Is American Education on a Bad Track?

By Kevin Welner and Carol Burris June 7, 2013 Available at:

President Barack Obama has repeatedly stated a clear educational goal: "We must ensure that every student graduates from high school well prepared for college and a career." That goal is still powerful, but it may be abandoned. Vocational tracks with lowered academic expectations are being pushed in New York state, in Texas, and even, it appears, by the president himself. In his most recent State of the Union address, the president commended Germany's threetrack system, where 12-year-old students are sorted by scores. In that same address, he praised a Brooklyn school designed to prepare students for entrylevel technician jobs. In Texas, a new law will create a system of tiered diplomas. Some ninth grade students will be enrolled in one of two diploma tracks. Those tracked into the easier diploma pathway will later, upon graduation, generally be ineligible for the state's "10 percent rule," which provides automatic college admission to the top of a school's graduating class. New York's proposal would similarly create three levels of high school diplomas, one of which would be a vocational — or "career and technical education." This should be troubling to Americans who believe in the public school as a place where equal opportunity thrives. Although vocational classes can be both engaging and worthwhile, sorting 13-year-olds into separate "pathways" that determine their future is an idea that should give us pause. Our country's history provides clear lessons. At the start of the 20th century, schools faced an influx of immigrants, and policymakers responded by creating programs for those who were called the "great army of incapables." Vocational tracks prepared immigrants to be factory workers, while the children of welloff parents were given a college preparatory education. This pattern of separating students into different classes was repeated during the era of racial desegregation as a way to maintain segregated classrooms, and it was repeated again in the 1970s when students with special needs were increasingly enrolled in mainstream schools.

Americans have long valued the potential of schools to provide a route from poverty to prosperity. But such routes are largely closed when disadvantaged children are directed toward lower-tier tracks and diplomas. When lawmakers adopt these misguided policies, they open up opportunity gaps that inevitably lead to the achievement gaps that these same lawmakers then decry. Even in Germany, tracking results in clear damage. Students in the German academic track experience substantial IQ gains, as compared to similar students in vocational tracks. Consider also the Brooklyn high school praised by the president. P-Tech includes many features that should be applauded — it places two or three teachers in each classroom, it has extended learning time, it has a hands-on approach to learning, and its students have access to the latest technology. But there are also clear reasons to be wary. P-Tech has only just now completed its second year, making it an odd source for evidence of success. Moreover, P-Tech's approach raises red flags, because it prepares its graduates for entry-level tech jobs, such as answering questions from software users over the phone. The starting salaries for these jobs are less than the salary earned by custodians in the New York City public schools. The problem, of course, is not the job or even the salary. The problem is a school system requiring young students to make important life choices that foreclose later options. This comes at an interesting time. We are in the midst of a national movement for standards specifically designed to promote readiness for both career and college, a movement that the president claims to support. Yet as one listens to the praise of the German system, the fawning over a high school that is years away from producing even one graduate, and the infusion of tax dollars to create a new generation of vocational schools, it sounds as if we are turning back equity's clock as we sort and select 13-year-olds into inflexible pathways that deny future opportunities. Kevin Welner is a professor of education at the University of Colorado and director of the National Education Policy Center. Carol Burris is the principal of South Side High School in Rockville Centre, Nassau County. She is the coauthor of two books and numerous articles on educational equity and was recently named New York state's high school principal of the year.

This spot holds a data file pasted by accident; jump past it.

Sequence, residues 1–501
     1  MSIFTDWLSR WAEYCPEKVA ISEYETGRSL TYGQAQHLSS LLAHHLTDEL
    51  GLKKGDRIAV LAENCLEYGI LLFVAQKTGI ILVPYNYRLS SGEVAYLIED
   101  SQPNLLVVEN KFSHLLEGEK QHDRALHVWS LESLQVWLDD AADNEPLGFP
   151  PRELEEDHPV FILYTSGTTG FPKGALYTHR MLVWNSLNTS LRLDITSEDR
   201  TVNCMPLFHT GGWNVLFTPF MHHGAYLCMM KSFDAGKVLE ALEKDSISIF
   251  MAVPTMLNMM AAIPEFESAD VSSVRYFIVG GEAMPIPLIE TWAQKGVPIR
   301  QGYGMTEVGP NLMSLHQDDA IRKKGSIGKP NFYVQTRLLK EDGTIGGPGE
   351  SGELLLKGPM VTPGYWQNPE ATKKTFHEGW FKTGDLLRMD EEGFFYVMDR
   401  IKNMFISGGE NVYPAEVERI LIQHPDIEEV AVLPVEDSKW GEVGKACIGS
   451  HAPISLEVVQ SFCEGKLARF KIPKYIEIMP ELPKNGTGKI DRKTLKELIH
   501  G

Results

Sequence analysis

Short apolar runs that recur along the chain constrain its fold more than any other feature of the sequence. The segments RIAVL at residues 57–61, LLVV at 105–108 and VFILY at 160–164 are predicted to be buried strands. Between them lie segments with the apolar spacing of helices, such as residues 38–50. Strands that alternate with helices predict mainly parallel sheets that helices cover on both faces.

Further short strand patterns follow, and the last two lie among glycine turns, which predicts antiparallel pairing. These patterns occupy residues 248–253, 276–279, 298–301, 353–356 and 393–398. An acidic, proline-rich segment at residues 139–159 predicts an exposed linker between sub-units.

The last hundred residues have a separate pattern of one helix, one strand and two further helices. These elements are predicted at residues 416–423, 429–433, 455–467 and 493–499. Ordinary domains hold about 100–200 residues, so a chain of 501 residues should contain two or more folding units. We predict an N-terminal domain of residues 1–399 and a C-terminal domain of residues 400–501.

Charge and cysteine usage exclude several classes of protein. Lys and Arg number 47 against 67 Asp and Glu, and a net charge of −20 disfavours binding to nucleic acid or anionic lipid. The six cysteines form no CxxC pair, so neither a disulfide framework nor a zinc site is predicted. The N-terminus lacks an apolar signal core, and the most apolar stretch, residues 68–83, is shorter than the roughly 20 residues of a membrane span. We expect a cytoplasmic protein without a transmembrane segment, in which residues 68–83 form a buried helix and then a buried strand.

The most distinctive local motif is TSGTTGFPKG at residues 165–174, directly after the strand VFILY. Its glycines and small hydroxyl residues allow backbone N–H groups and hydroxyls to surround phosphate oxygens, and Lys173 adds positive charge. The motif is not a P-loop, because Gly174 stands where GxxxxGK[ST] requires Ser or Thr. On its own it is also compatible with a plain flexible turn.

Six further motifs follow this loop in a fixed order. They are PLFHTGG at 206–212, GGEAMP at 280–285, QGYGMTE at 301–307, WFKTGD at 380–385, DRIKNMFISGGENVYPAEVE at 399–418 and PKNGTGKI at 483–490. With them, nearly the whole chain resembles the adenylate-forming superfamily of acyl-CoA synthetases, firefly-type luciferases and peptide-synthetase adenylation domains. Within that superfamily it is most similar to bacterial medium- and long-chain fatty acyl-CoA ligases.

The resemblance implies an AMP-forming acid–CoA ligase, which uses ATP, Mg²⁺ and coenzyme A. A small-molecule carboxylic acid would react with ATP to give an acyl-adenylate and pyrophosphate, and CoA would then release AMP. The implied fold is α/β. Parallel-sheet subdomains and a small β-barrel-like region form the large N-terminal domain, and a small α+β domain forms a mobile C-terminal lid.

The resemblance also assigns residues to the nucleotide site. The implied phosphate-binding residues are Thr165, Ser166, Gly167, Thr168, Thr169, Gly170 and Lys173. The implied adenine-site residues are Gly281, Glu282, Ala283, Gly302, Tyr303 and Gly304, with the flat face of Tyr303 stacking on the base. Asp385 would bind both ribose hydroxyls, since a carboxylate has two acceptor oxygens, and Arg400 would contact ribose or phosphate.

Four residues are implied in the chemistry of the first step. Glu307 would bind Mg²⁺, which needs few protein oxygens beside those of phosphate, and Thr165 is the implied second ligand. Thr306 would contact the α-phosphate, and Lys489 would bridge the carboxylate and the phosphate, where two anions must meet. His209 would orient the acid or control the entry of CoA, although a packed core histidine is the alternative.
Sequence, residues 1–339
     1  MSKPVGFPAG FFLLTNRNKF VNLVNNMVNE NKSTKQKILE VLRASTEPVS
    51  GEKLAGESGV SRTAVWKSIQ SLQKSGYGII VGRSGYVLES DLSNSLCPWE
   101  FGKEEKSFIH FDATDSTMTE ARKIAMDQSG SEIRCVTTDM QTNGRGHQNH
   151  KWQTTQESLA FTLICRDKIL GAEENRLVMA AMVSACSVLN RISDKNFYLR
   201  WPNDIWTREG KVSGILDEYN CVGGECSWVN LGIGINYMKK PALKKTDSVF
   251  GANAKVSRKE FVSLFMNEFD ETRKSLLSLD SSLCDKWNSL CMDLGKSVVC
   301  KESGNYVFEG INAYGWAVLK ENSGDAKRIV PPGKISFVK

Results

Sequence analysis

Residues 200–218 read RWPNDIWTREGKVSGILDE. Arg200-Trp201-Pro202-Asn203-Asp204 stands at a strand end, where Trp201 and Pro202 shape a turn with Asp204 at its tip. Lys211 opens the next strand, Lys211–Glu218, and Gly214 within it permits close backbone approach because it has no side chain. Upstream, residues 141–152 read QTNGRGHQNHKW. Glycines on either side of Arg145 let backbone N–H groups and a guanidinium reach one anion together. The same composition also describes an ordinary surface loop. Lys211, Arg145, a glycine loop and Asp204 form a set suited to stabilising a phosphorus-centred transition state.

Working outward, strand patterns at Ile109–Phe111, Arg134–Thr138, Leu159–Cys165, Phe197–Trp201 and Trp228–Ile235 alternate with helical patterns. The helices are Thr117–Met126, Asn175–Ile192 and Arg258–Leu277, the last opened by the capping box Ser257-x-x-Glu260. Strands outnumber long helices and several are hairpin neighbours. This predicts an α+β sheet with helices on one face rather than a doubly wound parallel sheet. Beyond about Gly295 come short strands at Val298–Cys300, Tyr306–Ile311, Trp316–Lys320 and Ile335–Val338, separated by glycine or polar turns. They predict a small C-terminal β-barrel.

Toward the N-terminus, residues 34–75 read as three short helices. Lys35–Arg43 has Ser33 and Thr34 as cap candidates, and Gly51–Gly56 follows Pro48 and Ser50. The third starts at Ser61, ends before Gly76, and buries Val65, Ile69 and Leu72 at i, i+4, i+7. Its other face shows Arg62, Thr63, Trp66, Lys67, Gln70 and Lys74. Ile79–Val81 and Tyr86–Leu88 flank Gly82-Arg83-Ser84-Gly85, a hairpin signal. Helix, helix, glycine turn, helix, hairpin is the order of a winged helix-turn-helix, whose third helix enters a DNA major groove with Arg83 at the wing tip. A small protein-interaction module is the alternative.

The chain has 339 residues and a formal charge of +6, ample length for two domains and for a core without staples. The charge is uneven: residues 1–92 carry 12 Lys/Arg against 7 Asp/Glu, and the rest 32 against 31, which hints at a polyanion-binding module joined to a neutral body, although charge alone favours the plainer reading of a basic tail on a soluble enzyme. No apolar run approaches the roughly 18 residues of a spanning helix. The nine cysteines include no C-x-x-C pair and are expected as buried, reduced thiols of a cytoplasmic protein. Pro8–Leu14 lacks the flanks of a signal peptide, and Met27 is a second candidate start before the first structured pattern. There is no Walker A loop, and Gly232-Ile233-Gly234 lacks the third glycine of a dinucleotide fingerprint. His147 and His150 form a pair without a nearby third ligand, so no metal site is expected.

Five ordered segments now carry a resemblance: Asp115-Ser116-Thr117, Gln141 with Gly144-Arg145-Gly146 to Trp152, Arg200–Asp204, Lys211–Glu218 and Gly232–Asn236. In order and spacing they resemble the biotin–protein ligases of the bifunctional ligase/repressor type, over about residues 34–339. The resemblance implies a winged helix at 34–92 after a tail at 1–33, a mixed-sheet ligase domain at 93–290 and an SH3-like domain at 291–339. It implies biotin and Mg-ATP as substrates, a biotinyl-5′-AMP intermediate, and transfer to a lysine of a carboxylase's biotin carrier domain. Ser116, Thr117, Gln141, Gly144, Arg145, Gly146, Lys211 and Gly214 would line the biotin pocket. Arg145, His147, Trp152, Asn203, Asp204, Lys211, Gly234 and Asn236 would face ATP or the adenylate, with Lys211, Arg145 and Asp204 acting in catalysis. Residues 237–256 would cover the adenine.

Sign up to vote on this title
UsefulNot useful